Easter feels like summer. The sun shines strong in the skies, the breeze somehow fresh, somehow warm. It is definitely the middle of the dry season in El Salvador, the equivalent of summer in northern lands. Everything around, from sale signs to music, talks about sun and sand. The opportunity to enjoy beaches that are just an hour away from San Salvador is almost here.
For a full week, students are out of school and have the opportunity to enjoy beaches, visit relatives and do nothing; it is almost the equivalent to spring break in the United States. However, there is one unequivocal characteristic that reminds every Salvadoran that it is not just a break, and that there is more than just sun and fun waiting for us during that week in April.
In El Salvador, the week of Easter is “Holy Week,” and the festivities revolve around Roman Catholic tradition. Roman Catholics account for nearly 60 percent of the population. Protestant (also called evangelical) churches account for slightly more than 20 percent.
Even though El Salvador does not have an official religion, since the time of colonization Roman Catholic traditions have been the most common and most practiced in the country. Easter Week is the most important celebration for the Roman Catholic Church.
“It is slightly different for the Protestant Church” says Sister Wendy, wife of Pastor Rodolfo at the Baptist Tabernacle Church of Majucla. “For most of the children, Easter Week is an opportunity to spend time with their families. People take advantage of this time to go back to their homeland and spend time with their families.”
One of the most important Easter traditions in El Salvador is Lent. During this 40-day period before Easter, named “Cuaresma” in Spanish, people fast, pray and give alms. The last week of the 40 days is called “Bigger Week” or “Holy Week.”
On Good Friday, there are two major processions. Early in the morning there is the “passion,” which is the representation or commemoration of the walk that Jesus took with the cross toward Golgotha. It is finished around noon.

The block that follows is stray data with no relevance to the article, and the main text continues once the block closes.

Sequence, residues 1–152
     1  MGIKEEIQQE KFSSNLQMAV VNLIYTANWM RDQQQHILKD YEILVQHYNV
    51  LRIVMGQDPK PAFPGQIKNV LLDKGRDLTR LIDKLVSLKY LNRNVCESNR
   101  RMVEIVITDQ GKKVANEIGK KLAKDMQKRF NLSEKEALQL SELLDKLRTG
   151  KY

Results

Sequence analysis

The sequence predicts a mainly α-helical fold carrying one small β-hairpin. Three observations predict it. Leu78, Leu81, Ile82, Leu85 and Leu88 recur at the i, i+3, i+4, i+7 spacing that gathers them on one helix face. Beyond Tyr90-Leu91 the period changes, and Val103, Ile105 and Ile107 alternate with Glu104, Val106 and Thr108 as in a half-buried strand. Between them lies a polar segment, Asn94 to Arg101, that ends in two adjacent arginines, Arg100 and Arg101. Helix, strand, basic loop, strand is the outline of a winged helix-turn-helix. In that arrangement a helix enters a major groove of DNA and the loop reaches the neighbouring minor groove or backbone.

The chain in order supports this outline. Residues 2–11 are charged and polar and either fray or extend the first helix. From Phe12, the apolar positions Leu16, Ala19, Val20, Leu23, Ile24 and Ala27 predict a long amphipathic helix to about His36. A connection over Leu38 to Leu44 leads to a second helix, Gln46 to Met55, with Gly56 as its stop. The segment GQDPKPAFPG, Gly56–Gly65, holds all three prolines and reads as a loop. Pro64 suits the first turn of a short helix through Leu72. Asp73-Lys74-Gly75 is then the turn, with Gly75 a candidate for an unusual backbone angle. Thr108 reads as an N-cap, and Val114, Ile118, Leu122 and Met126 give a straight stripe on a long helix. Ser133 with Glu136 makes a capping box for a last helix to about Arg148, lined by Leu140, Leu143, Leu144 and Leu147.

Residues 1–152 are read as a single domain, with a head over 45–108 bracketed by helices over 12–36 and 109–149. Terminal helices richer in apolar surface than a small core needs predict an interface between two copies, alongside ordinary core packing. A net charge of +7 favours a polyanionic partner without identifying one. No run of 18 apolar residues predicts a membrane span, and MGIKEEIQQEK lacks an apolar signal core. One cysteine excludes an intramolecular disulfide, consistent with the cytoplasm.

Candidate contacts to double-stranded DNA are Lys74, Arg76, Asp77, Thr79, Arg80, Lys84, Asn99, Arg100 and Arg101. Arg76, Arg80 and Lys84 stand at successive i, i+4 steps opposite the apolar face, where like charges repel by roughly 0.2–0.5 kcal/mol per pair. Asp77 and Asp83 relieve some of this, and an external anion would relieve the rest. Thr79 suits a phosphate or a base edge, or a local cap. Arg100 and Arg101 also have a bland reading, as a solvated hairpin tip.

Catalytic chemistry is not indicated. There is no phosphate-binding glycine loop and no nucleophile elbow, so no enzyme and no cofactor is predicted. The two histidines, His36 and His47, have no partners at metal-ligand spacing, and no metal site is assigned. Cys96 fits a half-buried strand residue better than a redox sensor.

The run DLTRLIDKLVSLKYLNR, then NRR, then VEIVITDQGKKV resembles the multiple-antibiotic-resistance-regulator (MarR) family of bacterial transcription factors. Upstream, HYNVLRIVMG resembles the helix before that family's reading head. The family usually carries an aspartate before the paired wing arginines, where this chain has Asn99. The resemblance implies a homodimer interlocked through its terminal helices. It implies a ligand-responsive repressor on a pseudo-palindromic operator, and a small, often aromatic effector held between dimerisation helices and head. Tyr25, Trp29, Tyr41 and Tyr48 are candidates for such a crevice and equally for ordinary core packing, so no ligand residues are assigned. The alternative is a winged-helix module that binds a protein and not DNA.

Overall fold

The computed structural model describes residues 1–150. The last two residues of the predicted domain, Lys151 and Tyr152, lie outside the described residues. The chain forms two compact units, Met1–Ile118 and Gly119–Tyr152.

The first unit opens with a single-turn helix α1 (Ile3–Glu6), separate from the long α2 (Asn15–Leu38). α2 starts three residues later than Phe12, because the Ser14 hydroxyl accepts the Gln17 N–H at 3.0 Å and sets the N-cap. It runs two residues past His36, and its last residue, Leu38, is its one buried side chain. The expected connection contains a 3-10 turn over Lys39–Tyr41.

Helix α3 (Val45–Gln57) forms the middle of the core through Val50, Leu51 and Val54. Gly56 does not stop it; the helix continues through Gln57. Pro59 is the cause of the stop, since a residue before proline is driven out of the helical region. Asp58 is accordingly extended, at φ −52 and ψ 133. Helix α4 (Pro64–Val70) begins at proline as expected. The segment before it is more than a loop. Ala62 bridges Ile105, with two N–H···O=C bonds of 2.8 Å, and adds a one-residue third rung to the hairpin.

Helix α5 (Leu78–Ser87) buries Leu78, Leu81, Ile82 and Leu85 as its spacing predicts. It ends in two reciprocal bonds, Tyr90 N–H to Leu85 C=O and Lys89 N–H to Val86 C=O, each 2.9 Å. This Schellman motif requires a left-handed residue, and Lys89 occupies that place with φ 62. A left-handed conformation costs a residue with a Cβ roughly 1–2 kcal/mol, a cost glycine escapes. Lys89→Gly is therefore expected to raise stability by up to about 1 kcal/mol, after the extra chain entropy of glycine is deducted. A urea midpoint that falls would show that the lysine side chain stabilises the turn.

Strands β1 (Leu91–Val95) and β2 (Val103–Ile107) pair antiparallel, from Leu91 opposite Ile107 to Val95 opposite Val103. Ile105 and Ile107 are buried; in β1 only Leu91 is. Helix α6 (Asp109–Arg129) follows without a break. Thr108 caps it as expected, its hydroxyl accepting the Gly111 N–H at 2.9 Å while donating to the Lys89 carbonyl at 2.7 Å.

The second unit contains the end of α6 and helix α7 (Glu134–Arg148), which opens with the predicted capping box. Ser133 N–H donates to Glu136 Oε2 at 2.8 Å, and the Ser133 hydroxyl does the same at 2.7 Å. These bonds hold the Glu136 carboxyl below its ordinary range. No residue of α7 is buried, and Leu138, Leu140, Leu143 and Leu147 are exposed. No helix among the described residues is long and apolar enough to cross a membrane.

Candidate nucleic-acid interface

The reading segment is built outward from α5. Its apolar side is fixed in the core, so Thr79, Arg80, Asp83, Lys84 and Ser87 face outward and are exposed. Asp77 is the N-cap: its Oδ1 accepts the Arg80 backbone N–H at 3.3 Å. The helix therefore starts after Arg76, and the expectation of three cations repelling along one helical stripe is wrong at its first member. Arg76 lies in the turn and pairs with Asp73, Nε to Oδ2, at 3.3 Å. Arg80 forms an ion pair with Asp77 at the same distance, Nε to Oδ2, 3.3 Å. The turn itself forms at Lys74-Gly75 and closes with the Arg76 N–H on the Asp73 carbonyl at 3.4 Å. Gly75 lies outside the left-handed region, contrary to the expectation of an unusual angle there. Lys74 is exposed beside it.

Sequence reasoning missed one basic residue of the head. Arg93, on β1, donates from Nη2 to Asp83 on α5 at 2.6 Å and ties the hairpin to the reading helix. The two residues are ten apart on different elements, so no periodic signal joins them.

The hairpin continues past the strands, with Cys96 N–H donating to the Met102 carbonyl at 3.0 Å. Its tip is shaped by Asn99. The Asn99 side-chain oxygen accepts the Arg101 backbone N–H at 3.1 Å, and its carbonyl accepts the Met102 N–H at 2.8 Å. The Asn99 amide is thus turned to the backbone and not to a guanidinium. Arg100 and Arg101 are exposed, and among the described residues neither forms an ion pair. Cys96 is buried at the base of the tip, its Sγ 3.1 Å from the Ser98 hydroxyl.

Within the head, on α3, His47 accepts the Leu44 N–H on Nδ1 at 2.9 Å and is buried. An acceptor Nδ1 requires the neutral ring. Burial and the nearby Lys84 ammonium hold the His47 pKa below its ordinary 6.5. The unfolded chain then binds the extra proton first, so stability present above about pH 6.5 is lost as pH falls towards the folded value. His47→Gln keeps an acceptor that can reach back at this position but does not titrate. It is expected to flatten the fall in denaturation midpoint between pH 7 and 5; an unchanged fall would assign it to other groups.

Then in the afternoon, Roman Catholic churches and communities start making rugs on the streets with sawdust, which will later be part of the path where the “holy funeral procession” will pass, carrying the symbolic dead body of Christ.
The making of these rugs represents one of the greatest traditions for the Roman Catholic Church in El Salvador, since entire streets and main avenues in many places of the country are completely closed. The rugs cover entire streets.
Appreciation of the rugs goes beyond religion. For Salvadorians, it is about appreciating the art and about appreciating the effort the people put into making the rugs. For Salvadorians, it is a gift, an offering they are making for Jesus.
Catholic or not, Salvadorians go out into the streets on Good Friday to see the rugs. Apart from this tradition for Good Friday, Holy Week develops differently for Protestants.
For the Evangelical Church in El Salvador, Holy Week is an opportunity to spread the Gospel to as many people as possible. If there is the opportunity to preach the Gospel and carry more people to the feet of our Lord, the church takes advantage of it and tells El Salvador the true meaning of Holy Week.